Saturday, 23 May 2009


A Scar In The Air is a part of the “Inscapes Series”, namely music “based on the structural and aesthetic capacity of sonic matter”. Six tracks, all connected in a continuous flow, for a total of half a hour which shows the most ear-satisfying traits of this Greek composer’s artistic vision, occupying a well definite place between the (often exaggerate) seriousness of cultivated acousmatics and the kind of vibrations that should be associated with the concept of “space”: not in a celestial acceptation, more as anything associable to the notion of “propagation of sound in an environment”. Under this meaning, Chrysakis offers numerous moments of profound integrity and gratification, leaving the sounds activate our psyche in a state of self-determination despite the evident care behind the compositional effort.

The sources are not indicated, but there are several of them that are clearly intelligible and, although regularly exploited in this ambit, used in such a discreetly clever manner that those colours look just perfect for the segment in which they’re appearing. Coming to terms with the perception of interiority is a perennial struggle which sees human ignorance constantly defeated – here’s the reason of the flourishing of “extreme anxiety groups” sticking definitions to something that exists only in their mind's eye. Yet it’s doubtless that music like this - offering different departure points for the observation of phenomena whose resonance, both outside and inside, is impressively effective – might constitute a good start for inquisitive thinking.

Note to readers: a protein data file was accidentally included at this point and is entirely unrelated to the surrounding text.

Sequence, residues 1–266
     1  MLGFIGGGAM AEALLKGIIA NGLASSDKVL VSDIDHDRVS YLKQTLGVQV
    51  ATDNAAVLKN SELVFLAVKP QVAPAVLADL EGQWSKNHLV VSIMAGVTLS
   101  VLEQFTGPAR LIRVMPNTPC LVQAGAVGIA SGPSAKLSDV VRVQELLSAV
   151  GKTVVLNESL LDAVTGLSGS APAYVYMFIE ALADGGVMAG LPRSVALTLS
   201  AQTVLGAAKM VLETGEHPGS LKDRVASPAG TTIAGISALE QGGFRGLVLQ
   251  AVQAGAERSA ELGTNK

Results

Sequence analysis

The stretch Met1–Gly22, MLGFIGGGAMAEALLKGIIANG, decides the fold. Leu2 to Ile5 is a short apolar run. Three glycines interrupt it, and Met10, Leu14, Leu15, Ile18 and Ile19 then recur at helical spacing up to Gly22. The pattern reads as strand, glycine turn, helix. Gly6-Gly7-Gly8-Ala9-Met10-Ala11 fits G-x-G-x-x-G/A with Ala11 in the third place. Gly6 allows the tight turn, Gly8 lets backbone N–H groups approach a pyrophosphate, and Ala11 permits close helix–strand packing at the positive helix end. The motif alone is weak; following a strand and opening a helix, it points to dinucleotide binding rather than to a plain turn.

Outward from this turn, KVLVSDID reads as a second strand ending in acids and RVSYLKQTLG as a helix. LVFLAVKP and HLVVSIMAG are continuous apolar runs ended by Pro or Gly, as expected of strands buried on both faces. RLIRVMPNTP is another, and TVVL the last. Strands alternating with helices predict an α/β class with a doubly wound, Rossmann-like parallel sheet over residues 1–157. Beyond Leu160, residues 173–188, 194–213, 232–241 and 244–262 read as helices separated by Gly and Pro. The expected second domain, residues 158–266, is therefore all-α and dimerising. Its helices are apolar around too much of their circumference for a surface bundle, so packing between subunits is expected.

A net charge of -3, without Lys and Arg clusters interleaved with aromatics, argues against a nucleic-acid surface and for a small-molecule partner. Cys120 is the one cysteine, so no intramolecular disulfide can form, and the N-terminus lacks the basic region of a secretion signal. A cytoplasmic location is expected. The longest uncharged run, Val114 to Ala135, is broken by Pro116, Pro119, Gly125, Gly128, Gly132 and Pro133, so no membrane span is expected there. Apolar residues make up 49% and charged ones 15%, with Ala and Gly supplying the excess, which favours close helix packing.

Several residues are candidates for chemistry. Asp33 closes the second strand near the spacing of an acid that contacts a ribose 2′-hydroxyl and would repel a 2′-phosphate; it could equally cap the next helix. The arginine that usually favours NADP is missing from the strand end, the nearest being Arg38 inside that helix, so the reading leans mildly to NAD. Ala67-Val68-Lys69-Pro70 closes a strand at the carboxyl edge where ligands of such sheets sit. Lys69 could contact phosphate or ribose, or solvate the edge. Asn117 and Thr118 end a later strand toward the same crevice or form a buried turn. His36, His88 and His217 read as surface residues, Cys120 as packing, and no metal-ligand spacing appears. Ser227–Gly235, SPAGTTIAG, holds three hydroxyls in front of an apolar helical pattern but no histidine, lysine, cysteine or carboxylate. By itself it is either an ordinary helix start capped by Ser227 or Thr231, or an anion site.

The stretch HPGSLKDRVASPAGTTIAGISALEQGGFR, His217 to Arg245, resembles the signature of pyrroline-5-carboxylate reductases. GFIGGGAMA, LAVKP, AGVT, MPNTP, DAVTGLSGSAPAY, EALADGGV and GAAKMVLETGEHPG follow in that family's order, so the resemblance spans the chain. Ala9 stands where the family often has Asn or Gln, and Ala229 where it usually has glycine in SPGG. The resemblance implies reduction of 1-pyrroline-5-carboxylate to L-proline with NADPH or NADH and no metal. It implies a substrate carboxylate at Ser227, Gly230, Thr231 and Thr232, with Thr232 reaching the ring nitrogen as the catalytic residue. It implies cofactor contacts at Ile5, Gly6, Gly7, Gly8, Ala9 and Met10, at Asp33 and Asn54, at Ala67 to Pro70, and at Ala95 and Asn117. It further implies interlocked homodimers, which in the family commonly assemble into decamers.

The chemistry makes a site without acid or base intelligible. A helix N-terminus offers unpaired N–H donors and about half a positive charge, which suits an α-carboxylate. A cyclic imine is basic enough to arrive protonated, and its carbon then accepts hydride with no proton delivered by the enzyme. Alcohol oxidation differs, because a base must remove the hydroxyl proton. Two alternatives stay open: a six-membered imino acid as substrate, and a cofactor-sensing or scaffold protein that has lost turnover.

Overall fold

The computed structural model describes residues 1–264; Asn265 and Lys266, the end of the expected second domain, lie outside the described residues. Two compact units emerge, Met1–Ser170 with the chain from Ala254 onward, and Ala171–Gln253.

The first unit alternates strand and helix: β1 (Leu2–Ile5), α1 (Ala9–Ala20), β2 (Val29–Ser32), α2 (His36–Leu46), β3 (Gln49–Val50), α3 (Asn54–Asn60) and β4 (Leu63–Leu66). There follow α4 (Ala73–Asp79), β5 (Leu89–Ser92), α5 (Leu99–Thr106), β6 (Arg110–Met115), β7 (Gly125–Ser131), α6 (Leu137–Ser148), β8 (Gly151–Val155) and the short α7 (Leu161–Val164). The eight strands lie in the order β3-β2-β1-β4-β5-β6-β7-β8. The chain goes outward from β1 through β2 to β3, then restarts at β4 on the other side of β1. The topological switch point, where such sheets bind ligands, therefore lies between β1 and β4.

One can decide: appreciating the pure magnificence of an obscure reverberation, recognizing the typicality of chatting people, being displaced in amorphousness when a voice is fused with a marimba which reproduces its same elocution patterns, or just accepting the whole as a mixed-energy macrocosm. What remains is the impression of an unexplainable deeper implication that’s better left undefined, unless you want to join the extended queue of those who sing “progress” to themselves while standing at the centre of a depressing miniature universe, their imaginary advancement a mere shadow elongated by the sun of someone else’s ideas (which in turn had been pick-pocketed elsewhere).

Aural Terrains